Tag Archives: Calcutta

Reflections of the Raj in the Spirit of Multiculturalism

As we enter the season of “Devi Paksha”, the spirit of Feminine Divine in the Fall, regaling at the cotton ball clouds in the clear blue sky, gentle morning breeze smelling of fresh dew, rustic reconnaissance in our agile senses, the vision of a city emerges very vividly in many minds connected to India: Calcutta (now called Kolkata), the city that took exquisiteness of the decadent to a whole different level! Everything is about the bygone out there.

Perhaps, one of the most cosmopolitan cities in the world, Calcutta is a mix of many things, all at once. While the mangrove forests been submerging in the Bay, the foothills of the Himalayas merging with the rising mists for thousands of years, footprints of many people, their ethnicities, spirituality, aspirations, and accolades adorned the soil of the land. One such seeker was Job Charnock who settled the harness of British East India Company in the city some 365 years back. The community found a home away from home, absorbing it foot by foot, building the city brick by brick. In the words of contemporary historians, Calcutta was inspirational to London, ushering a century of opulence, immersion, and multiplexity in the United Kingdom. Needless to say, people from Calcutta always relish Europe in their ethos. 

It was the most coveted gift of the season when the publisher of India Currents, Vandana, handed me this rustic book to review: Old Picture Postcards from the British Raj. Chronicle of real postcards collected and curated by Madan Gopal Mukhopadhyay, compiled over generations, capturing people and places from Calcutta and the rest of India during the Colonial era. My heart danced to the tune of sepia-tinted images from the city of my birth.  The book depicts nooks and alleys of the city in photographic representation, documenting urban and rural edifices and lifestyles seamlessly. There’s a surprise element in the end. 

A page from Old Postcard Pictures from the British Raj.

“At the end is a special set of postcards, more than a century old, featuring photographs of Indian royalty by the renowned photographer, Carl Vandyke.” 

The author was born in Calcutta before the Partition, graduated from the prestigious Calcutta Medical College after which he came to the US to study and pursue his career as a physician. An alumnus of Howard University and Yale University, Madan Gopal has had many distinguished achievements as a doctor, author, social luminary, and patron of arts and culture. This book is dedicated to his progenies, “Perhaps the images of this book will remind them of their roots in the future”.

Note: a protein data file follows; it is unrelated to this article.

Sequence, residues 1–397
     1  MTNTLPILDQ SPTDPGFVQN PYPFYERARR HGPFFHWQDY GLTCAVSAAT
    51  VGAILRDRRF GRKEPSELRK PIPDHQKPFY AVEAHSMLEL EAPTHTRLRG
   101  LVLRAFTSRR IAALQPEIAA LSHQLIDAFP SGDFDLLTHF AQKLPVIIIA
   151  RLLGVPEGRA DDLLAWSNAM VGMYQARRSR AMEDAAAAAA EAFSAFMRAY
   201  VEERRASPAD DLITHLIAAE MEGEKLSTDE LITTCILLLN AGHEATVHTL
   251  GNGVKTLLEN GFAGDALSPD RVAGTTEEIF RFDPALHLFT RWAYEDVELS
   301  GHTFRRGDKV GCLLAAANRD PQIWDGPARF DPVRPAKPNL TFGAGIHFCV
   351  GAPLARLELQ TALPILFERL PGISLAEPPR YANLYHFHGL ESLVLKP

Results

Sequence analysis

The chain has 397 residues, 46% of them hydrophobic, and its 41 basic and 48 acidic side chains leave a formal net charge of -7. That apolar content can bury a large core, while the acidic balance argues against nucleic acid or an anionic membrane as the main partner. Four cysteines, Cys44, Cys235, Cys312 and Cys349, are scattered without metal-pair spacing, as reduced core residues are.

Soma Chatterjee is the Diversity Ambassador for India Currents and a Board Member for Silicon Valley Interreligious Council representing Hinduism on behalf of HAF

Rina Banerjee: Make Me a Summary of the World

May 16–October 6

 

This story was sent to us and Co-organized by San José Museum of Art (SJMA) and Pennsylvania Academy of Fine Arts (PAFA)

Organized by Lauren Schell Dickens, curator, SJMA and Jodi Throckmorton, curator, PAFA


Rina Banerjee: Make Me a Summary of the World is the first mid-career retrospective of the artist’s work. The exhibition presents almost twenty years of Banerjee’s large-scale installations, sculptures, and paintings—including a re-creation of her work from the 2000 Whitney Biennial; sculptures featured in the 2017 Venice Biennale; and recent work for the Prospect 4 New Orleans biennial.

Rina Banerjee (b. 1963 in Calcutta, India) grew up in London and eventually moved to New York. While the visual culture that she experienced as a child in India greatly influences her aesthetic,  her immigration to the UK and her love of the diverse culture of her current home, New York City, form the core of her practice. Banerjee creates vivid sculptures and installations made from materials sourced throughout the world. She is a voracious gatherer of objects—in a single sculpture one can find African tribal jewelry, colorful feathers, light bulbs, Murano glass, and South Asian antiques in conflict and conversation with one another. These sensuous assemblages reverberate with bright colors and surprising textures present simultaneously as familiar and unfamiliar.

Amidst a progressively factious turn toward nativist politics in the United States, Banerjee relentlessly creates work that reflects the splintered experience of identity, tradition, and culture often prevalent in diasporic communities. Significantly, her career as an artist, beginning in the late 1990s, parallels the expansion of the global art world, the Internet, and the repeated rise and fall of “identity politics” in art.  Though Banerjee is one of the most important artists of the post-colonial Indian diaspora living in the United States, and her work has consistently gained visibility internationally (especially in Asia and Europe), she remains relatively unknown to U.S. museum audiences.

Rina Banerjee: Make Me a Summary of the World focuses on four interdependent themes in Banerjee’s work that coincide with important issues of our time: immigration and identity; the lasting effects of colonialism and its relationship to globalization; feminism; and climate change.

Catalogue

A full-color, ca. 160-page catalogue was published in conjunction with the exhibition and available for purchase at SJMA’s Shop.

Touring schedule

Pennsylvania Academy of Fine Arts, October 27, 2018—April 7, 2019

San José Museum of Art, May 17—September 29, 2019

Palm Springs Museum of Art, CA Spring 2020 (TBC)

Frist Center for the Visual Arts, Nashville, TN, August 6—October 25, 2020 (TBC)

Nasher Museum of Art at Duke University, NC  (TBC)

Learn more about this wonderful exhibition here:  https://sjmusart.org/exhibition/rina-banerjee-make-me-summary-world

This Article was provided to India Currents by the San José Museum of Art